The fight over DACA may soon be coming to a cable news update near you.
Recall President Trump gave Congress six months to fix the program legislatively before it would automatically end, which is in March of next year.
While Republicans are hoping to kick the can down the road and avoid an internal fight, Democrats are increasingly insisting on addressing the issue this year.
And some have even indicated that they won’t vote in favor of any government funding bill that does not address immigration.
What that ultimately may mean is the threat of a government shutdown — but by Democrats this time — over amnesty. Get your popcorn ready, folks.
President Trump may get his wall after all.
Here’s more from The Hill…
The fight over “Dreamers” is heating up as the legislative calendar winds down, setting the stage for a year-end clash that’s heightening the odds of a government shutdown.
Lawmakers headed into the long Thanksgiving recess in stark disagreement over how, and when, to provide legal cover for undocumented immigrants brought to the country as children — legislation both parties say they want after President Trump rescinded the Deferred Action for Childhood Arrivals (DACA) program in September.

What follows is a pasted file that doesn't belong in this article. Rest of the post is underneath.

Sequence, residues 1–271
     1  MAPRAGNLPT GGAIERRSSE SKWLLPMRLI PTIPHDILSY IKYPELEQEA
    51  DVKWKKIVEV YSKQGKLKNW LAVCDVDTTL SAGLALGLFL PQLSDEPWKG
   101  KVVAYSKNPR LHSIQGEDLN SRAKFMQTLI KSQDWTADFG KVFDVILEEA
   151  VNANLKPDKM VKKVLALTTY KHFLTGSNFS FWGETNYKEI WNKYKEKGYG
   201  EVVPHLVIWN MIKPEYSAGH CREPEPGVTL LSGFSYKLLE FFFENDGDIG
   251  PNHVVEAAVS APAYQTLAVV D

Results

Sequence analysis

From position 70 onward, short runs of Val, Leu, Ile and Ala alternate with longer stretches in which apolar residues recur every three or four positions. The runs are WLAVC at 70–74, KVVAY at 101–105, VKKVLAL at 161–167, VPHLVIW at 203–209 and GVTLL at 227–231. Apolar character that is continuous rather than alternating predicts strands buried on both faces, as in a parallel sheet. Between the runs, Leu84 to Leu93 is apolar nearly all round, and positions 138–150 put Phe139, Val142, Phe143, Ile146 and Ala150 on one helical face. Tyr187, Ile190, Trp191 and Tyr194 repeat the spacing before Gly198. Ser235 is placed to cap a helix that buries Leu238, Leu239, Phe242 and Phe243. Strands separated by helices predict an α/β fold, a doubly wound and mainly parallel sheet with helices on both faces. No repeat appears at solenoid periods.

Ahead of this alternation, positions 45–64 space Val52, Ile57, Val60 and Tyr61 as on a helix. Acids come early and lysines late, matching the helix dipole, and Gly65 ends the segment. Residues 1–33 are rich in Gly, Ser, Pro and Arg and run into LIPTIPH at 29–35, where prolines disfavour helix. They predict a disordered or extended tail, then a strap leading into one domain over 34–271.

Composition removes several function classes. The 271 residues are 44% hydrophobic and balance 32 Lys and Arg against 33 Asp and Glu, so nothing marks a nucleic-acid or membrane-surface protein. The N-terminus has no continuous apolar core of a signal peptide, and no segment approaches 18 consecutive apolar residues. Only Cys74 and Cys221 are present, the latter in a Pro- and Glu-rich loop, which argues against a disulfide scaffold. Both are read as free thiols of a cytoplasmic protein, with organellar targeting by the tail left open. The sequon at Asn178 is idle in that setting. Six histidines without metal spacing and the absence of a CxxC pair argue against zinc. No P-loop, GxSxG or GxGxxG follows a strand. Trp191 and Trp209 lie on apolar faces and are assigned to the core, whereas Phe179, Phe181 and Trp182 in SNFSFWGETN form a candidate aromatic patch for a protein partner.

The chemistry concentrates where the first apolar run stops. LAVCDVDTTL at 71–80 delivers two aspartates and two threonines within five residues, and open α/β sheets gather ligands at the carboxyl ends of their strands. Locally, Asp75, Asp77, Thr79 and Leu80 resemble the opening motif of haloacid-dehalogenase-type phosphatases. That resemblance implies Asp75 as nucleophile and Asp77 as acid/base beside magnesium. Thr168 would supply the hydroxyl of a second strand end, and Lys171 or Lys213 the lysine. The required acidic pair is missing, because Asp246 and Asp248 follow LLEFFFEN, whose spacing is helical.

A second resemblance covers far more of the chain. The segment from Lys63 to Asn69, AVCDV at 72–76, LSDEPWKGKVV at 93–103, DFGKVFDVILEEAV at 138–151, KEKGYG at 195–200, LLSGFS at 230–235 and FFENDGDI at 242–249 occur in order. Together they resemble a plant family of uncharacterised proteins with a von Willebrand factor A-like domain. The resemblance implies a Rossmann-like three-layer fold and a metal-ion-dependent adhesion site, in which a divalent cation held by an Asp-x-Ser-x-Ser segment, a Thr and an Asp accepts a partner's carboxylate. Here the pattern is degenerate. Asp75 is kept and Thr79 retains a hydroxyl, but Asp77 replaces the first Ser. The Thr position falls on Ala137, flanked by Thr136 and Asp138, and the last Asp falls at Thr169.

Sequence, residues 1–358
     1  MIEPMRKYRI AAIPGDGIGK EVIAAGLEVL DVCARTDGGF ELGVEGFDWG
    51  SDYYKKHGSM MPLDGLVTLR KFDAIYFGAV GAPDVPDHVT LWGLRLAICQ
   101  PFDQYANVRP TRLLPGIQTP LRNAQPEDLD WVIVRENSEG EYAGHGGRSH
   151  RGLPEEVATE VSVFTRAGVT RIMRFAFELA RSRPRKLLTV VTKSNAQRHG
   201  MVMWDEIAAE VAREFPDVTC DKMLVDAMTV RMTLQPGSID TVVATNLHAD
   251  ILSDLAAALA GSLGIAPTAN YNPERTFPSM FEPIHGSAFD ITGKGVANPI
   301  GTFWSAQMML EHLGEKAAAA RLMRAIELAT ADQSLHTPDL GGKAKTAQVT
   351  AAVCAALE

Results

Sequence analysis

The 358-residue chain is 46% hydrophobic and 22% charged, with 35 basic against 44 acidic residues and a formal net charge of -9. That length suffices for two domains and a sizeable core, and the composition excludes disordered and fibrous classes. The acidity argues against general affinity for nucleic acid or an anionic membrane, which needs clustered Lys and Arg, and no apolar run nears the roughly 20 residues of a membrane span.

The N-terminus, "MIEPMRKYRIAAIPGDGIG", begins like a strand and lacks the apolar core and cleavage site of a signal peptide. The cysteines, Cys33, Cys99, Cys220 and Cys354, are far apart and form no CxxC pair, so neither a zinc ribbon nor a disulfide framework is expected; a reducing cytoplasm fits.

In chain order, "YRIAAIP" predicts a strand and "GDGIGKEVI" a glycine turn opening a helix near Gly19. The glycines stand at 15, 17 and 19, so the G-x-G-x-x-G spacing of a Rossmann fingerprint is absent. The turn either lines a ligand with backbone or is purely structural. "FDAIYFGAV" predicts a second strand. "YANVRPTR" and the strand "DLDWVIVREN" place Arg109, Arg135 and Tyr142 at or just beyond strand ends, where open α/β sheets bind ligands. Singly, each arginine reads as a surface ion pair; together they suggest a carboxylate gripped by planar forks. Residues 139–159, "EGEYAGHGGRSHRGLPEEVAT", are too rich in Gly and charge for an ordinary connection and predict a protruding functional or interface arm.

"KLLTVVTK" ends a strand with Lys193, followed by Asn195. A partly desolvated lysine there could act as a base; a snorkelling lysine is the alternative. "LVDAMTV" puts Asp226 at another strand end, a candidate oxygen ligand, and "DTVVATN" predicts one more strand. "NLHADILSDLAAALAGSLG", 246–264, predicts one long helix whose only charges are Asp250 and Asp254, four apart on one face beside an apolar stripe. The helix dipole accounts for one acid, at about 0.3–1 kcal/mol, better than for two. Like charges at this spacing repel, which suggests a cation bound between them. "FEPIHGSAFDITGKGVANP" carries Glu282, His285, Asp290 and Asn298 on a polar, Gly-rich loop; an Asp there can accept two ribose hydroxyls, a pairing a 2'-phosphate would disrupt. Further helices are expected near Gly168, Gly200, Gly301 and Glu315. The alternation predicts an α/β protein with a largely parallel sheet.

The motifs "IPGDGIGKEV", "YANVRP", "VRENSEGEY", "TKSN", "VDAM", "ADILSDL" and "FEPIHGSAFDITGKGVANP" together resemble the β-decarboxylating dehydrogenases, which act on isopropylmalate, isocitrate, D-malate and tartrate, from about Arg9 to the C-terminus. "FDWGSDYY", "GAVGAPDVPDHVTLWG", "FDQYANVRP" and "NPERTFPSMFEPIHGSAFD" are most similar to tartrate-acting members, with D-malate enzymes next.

Behind Trump, GOP leaders are opposed to attaching any DACA provisions to legislation extending government funding, which expires Dec. 8. But Democratic leaders, pressured by their activist base and the Congressional Hispanic Caucus, are insisting that the DACA protections be finalized before year’s end. Many Democrats are threatening to withhold support for an omnibus spending bill if the immigration language isn’t included.
With just 12 legislative days left on the calendar — and the Republicans laser-focused on enacting a tax overhaul before Christmas — GOP leaders have some tough decisions ahead. And the question of timing on DACA is becoming every bit as sticky as the substance of the bill.
Speaker Paul Ryan (R-Wis.) has repeatedly noted that Trump, in dismantling the Obama-era program, gave Congress until March 5 to come up with a legislative fix. With that in mind, the Speaker has suggested Republicans would be fine addressing the issue early next year.